TALLAHASSEE, Fla. - A congressional district map advocated for by Governor Ron DeSantis has been struck down in court, with a judge ruling that it unconstitutionally and disproportionately dilutes the influence of Black voters in the area. State legislators will have to draw a new map to address the grievances perceived by Judge J. Lee Marsh.
DeSantis' map, passed last year after the governor rejected a prior map approved by Republican leadership, was criticized for breaking up a Black voter block which was represented in the U.S. Congress by then-representative Al Lawson.
Lawson lost his seat following an influx of Republican voters with the newly-drawn district boundaries, giving Republicans a larger portion of the overall House of Representatives. They hold a slim majority in the House as of now, with the 2024 election cycle set to shake up the balance of power in the federal government.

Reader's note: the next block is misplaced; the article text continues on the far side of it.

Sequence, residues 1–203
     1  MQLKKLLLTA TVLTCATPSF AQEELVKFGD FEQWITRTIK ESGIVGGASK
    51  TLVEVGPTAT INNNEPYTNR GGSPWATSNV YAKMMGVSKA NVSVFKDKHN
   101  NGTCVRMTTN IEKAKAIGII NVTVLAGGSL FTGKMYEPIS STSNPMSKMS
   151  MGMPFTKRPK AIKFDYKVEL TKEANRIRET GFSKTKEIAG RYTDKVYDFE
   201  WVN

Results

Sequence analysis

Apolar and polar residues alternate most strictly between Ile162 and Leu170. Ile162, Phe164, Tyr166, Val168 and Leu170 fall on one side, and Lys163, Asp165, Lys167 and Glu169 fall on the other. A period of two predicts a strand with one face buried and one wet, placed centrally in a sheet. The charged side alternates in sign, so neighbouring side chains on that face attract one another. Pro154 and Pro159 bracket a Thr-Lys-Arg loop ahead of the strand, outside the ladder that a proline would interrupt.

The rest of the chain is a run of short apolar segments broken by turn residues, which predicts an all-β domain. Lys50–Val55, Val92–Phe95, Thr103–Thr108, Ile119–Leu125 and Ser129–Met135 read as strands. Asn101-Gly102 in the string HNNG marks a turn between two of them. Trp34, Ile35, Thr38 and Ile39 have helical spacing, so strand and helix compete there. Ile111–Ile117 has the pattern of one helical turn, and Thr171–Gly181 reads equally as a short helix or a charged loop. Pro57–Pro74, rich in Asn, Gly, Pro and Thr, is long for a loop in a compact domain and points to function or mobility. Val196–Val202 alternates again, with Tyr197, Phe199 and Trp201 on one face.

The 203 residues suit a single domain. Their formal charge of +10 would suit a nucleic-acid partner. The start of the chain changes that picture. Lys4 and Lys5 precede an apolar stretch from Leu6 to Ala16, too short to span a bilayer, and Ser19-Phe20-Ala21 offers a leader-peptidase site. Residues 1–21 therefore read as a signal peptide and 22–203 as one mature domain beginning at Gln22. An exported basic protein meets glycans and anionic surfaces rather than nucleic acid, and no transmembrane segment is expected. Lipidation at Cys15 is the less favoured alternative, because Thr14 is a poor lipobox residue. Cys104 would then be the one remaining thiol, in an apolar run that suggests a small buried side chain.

The lawsuit was brought against the state by a coalition of voting rights groups, such as Black Voters Matter, Equal Ground Education Fund, and the League of Women Voters. Defendants in the case included both chambers of the Florida state legislature and Florida Secretary of State Cord Byrd.
The first attempt at redrawing district boundaries was completed by the legislature, all of which is under a Republican majority. DeSantis vetoed the map the legislature passed, accusing it of racial gerrymandering. That categorization is precisely the basis with which Judge Marsh has now struck down DeSantis' own map. Specifically, Marsh ruled the state violated the Voting Rights Act of 1965, a groundbreaking law which banned discriminating election laws.
The matter is not necessarily finalized, as the state will have the option of appealing to the Florida Supreme Court, a body which is made up mostly of DeSantis-appointed justices. The outcome of the matter may also impact DeSantis' ongoing presidential campaign.
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